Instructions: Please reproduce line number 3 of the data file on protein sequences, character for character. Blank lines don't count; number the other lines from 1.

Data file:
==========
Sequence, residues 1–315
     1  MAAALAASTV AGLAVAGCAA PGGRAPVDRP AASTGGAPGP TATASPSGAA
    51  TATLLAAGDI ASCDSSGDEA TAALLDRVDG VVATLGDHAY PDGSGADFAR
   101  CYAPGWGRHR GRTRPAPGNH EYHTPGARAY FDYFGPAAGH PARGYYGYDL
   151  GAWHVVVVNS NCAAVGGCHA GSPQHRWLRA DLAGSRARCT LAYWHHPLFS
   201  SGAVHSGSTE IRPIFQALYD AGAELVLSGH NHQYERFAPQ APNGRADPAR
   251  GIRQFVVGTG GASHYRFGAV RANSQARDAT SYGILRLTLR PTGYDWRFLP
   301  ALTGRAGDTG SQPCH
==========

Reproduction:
    51  TATLLAAGDI ASCDSSGDEA TAALLDRVDG VVATLGDHAY PDGSGADFAR